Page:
Abstract

Abstract:

Unlike many modernists, W. H. Auden consistently esteemed Milton’s poetry. Moreover, he often was stimulated by Milton’s antipathetic cultural legacy, which, in the 1930s, he identified with the rise of the National Socialists. This identification, most clearly made in New Year Letter (1940) and Letter to Lord Byron (1936), also informs one of Auden’s most well-known poems, “Lay Your Sleeping Head, My Love” (sometimes called “Lullaby”) (January 1937). That poem carefully rewrites Milton’s notions of love and religion, especially as they appear in “On Time,” to accord with Auden’s sense of his own time.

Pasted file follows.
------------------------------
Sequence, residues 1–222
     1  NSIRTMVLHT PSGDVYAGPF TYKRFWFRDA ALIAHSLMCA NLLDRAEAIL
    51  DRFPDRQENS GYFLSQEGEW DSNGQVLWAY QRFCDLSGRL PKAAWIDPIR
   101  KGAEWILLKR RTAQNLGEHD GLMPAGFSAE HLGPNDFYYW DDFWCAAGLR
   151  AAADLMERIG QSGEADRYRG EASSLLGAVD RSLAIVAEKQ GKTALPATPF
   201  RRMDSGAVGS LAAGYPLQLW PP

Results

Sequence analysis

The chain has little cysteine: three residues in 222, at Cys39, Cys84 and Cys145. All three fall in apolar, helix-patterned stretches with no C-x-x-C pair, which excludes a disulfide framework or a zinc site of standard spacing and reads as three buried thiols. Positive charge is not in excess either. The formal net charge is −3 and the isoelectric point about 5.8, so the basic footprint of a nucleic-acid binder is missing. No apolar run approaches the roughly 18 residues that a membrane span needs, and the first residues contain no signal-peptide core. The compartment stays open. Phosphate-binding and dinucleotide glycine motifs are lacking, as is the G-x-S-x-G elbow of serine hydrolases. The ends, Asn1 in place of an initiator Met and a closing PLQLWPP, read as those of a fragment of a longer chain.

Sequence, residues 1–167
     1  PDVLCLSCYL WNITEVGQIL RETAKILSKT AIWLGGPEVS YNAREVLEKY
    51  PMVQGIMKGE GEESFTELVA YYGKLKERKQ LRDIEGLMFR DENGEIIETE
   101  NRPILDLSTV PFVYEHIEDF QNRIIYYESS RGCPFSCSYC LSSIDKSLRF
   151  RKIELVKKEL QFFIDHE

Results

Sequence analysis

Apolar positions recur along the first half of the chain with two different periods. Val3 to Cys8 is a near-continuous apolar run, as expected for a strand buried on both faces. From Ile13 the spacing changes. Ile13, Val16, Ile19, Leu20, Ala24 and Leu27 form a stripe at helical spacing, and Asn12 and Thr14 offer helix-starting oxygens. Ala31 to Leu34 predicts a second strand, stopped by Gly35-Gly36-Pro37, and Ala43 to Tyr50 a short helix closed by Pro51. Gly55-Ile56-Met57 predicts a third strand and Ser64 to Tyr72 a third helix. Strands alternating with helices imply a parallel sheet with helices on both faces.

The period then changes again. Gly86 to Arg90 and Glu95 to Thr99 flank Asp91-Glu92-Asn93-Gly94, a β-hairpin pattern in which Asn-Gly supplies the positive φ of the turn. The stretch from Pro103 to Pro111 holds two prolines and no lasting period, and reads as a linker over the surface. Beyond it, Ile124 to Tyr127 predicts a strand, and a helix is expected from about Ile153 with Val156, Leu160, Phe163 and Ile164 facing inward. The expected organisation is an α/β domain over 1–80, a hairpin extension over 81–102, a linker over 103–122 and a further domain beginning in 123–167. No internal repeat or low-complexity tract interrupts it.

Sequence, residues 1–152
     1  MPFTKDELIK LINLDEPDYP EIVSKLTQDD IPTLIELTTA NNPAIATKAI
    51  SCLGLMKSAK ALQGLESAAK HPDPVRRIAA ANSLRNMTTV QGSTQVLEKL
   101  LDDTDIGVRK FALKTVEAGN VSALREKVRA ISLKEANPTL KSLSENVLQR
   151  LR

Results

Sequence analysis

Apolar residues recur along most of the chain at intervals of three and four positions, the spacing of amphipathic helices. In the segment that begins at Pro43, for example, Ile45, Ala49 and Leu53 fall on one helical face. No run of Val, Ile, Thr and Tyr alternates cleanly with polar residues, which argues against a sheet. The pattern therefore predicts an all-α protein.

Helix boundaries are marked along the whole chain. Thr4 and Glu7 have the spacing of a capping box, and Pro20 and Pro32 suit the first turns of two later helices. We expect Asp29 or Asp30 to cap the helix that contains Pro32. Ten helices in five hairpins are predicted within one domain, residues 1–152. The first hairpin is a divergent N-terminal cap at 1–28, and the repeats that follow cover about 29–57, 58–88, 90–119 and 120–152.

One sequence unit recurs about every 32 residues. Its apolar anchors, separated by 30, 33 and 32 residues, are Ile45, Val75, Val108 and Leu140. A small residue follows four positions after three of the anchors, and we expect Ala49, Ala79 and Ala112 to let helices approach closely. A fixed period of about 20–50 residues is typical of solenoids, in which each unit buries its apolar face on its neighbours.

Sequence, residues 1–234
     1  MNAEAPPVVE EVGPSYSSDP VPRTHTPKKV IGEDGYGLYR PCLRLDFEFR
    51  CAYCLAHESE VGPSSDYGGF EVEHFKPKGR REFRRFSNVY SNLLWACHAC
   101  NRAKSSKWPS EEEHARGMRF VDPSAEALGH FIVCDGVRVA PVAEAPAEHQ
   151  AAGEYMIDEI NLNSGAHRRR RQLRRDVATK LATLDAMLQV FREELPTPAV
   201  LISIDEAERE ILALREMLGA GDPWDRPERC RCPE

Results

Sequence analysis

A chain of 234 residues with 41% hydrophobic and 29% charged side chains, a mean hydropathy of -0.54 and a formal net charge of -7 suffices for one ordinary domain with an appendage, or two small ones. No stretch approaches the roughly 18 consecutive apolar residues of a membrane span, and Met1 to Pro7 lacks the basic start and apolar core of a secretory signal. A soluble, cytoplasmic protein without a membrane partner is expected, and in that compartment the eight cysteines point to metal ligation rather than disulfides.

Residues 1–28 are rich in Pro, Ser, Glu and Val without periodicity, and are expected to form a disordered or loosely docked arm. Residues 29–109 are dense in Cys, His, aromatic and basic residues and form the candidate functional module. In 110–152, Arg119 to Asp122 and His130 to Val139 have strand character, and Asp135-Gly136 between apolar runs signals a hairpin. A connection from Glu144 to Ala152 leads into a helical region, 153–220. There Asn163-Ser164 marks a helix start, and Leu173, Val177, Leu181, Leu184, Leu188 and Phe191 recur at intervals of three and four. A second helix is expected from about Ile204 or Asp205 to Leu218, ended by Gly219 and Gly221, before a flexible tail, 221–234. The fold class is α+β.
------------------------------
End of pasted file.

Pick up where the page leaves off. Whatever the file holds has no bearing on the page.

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Additional Information

ISSN
2056-5666
Print ISSN
0148-3331
Pages
pp. 414-437
Launched on MUSE
2020-02-04
Open Access
No
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